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Jordan Thomas

April 20, 2015


UWRT 1102
Annotated Bibliography
Allen, M. S., P. Brown, J. Douglas, W. Fulton, and M. Catalano. An Assessment of
Recreational Fishery Harvest Policies For Murray Cod in Southeast Australia.
Fisheries Research 95.2-3 (2009): 260-67. Print.
This article was written by fish policy experts and it is about the
policies along with Australian recreational fishing. The article states the
impact that fisherman can have on Murray cod numbers in southeast
Australia. It explains how minimum length limits for Murray cod are going to
become a new policy to ensure that the species is not over caught. This
article is also a part of the British Library Serials Database. It is a good
research find for me because it allows me to understand their fishing policies.
Allen-Ankins, S., RJ Stoffels, PA Pridmore, and MT Vogel. The Effects of Turbidity,
Prey Density and Environmental Complexity and the Feeding of Juvenile
Murray Cod. Journal of Fish Biology 80.1 (2012): 195-206. Print.
Slade Allen-Ankins graduated from La Trobe University with a PHD in
the department of environmental management. This is Allen-Ankins first and
only published writings. In this article, Allen-Ankins describes the science
behind how these fish eat in either clear or murky water. They do test on
juveniles at their earliest years. The result was that these fish eat normal
whether the water is clear or dirty. This is relevant information for my studies

due to the findings of the scientists research explains why these fish are so
aggressive and why they can grow to very large sizes. This is a credible
source for my research because it comes from a database of the U.S. National
Library of Medicine.
Ebner, B. Murray Cod an Apex Predator in the Murray River, Australia. Ecology of
Freshwater Fish 15.4 (2006): 510-20. Print.
B Ebner is a well-known novelist and has many novels published. He is
an Australian writer who has numerous awards for his writing. In this article,
Ebner explains how the aggressive behavior of the Murray cod has allowed it
to become an apex predator in Australias Murray River. With numerous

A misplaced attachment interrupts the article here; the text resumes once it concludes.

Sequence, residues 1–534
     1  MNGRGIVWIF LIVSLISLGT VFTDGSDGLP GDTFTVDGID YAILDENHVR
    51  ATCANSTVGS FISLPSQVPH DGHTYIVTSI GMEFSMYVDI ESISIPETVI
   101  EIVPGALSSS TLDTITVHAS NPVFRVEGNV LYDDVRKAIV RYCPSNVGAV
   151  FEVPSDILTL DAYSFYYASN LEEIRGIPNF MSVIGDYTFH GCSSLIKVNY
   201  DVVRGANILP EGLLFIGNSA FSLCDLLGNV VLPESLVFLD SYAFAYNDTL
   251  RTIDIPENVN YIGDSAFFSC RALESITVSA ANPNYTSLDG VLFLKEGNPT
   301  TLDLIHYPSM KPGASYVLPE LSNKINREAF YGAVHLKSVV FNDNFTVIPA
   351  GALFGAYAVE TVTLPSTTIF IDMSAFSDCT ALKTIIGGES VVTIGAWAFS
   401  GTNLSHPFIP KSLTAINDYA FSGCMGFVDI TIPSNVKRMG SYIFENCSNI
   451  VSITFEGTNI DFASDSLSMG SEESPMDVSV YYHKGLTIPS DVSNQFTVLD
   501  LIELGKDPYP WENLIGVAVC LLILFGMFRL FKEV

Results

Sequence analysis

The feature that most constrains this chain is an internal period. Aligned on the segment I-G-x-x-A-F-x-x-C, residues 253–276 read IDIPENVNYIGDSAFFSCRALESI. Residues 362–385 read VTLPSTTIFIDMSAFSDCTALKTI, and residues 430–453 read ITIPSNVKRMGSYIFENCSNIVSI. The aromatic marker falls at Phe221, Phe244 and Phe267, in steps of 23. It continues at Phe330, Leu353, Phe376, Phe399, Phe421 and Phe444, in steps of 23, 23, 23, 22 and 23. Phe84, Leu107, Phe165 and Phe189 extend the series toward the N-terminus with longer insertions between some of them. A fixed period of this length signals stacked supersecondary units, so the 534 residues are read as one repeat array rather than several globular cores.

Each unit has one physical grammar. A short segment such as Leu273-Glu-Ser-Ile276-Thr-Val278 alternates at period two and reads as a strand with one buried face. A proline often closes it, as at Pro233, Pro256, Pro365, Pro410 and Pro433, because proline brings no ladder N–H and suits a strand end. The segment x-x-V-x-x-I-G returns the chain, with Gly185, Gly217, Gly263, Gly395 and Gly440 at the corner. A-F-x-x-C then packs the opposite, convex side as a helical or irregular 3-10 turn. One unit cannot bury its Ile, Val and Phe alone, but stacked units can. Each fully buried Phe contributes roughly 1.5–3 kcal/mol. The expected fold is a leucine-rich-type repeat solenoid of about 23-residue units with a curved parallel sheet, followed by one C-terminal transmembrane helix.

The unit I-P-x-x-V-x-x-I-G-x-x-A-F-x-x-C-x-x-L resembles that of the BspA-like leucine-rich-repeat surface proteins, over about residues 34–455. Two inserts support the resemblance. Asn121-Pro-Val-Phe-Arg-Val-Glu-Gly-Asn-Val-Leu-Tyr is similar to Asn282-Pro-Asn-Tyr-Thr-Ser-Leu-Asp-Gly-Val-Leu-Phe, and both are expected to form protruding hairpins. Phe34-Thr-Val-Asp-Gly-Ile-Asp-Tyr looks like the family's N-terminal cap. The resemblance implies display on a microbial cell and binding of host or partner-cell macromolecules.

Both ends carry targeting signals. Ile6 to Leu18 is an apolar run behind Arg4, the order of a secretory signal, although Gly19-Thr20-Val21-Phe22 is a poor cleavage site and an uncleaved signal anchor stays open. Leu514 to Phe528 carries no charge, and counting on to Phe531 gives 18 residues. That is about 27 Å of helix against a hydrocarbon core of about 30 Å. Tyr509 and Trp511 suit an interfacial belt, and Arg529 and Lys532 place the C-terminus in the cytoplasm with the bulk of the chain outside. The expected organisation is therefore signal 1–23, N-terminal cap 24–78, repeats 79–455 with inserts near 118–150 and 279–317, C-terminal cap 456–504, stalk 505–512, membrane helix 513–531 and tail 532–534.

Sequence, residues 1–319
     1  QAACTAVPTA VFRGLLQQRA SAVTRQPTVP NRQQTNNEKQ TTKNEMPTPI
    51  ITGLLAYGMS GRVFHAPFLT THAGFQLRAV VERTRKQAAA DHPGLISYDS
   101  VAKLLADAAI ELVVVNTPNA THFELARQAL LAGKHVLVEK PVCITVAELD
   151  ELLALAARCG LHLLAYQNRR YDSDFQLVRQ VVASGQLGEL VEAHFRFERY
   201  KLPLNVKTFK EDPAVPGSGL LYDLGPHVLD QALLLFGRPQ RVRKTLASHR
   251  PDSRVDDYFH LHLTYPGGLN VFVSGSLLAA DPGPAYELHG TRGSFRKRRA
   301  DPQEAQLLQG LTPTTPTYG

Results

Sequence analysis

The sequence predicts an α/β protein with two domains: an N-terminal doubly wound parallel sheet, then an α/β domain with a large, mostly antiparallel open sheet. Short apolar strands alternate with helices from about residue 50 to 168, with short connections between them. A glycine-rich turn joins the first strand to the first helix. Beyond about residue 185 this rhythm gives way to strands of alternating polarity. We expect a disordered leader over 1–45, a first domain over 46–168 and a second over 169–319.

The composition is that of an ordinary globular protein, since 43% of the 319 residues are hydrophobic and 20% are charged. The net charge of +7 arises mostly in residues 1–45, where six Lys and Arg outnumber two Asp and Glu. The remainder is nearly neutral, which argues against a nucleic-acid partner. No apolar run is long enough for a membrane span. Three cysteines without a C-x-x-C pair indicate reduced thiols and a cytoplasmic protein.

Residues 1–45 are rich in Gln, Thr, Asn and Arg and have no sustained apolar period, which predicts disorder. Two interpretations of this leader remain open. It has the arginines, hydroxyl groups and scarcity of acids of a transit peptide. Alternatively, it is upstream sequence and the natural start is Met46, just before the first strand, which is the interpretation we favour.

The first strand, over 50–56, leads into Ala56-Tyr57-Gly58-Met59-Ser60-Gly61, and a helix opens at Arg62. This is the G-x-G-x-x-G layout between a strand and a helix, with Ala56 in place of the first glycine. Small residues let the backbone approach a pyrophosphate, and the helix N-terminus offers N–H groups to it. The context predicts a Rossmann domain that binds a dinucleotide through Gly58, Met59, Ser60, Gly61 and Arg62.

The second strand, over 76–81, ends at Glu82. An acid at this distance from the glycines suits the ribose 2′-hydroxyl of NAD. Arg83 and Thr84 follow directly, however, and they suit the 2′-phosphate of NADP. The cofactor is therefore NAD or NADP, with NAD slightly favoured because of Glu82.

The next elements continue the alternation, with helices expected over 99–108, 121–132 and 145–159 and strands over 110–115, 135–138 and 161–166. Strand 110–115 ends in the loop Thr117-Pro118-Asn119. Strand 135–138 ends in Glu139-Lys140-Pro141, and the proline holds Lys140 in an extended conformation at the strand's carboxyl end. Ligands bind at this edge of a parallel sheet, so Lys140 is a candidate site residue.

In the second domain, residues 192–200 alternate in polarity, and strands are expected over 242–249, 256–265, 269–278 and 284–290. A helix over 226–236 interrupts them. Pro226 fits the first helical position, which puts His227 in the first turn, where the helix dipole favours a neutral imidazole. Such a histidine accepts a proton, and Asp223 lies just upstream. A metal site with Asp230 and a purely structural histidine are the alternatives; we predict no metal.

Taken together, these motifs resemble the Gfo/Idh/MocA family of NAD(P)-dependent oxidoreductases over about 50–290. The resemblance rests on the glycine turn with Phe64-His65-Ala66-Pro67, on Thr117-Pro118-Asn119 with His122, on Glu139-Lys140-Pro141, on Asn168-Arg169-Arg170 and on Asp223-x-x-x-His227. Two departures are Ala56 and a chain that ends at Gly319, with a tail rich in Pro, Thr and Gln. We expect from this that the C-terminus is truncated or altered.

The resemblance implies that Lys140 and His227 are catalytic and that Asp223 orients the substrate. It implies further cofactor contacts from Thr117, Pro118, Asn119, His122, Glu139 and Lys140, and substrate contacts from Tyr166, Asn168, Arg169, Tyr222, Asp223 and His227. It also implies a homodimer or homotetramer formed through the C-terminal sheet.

amounts of food and little competition, this predator continues to rule the
throne in the Murray River. This information will help me determine what
food source the Murray cod enjoy most and how to use it to catch one. This
article is currently in the British Library Serials database.
Murray, Grant, Barbara Neis, Craig Palmer, and David Schneider. Mapping Cod:
Fisheries Science, Fish Harvesters Ecological Knowledge and Cod Migrations
in the Northern Gulf of St. Lawrence. Human Ecology 36.4 (2008): 581-98.
Print.
This article has four well-known writers that have collaborated their
ideas and knowledge of Murray cod and their migration habits. In this article,
the authors state how local fish harvesters and scientist have come together
to determine the migration habits for these fish. Their work together has
allowed them to practically map cod where ever they are. This information is
incredibly useful to me because it will help me determine where the fish will

be during which time of the year. This is a highly credible source for the
reason being it is located in the database of British Library Serials.
Whiterod, N. S. The Swimming Capacity of Juvenile Murray cod
(Maccullochellapedeelii): An Ambush Predator Epidemic to the Murray-Darlin
Basin, Australia. Ecol. Freshw. Fish Ecology of Freshwater Fish 22.1 (2013):
117-26. Print.
Nick S. Whiterod is an Aquatic Ecologist in Albury, Australia. In his
article he relates Murray cod swimming performances with prey fish and
other predator fish and discovers that these fish do well in any type of
performance based waters. This creates bad news for the other active fish
species due to loss in food or a gain in the outcome of becoming food. This
can create a food epidemic for other fish in the Murray-Darlin basin.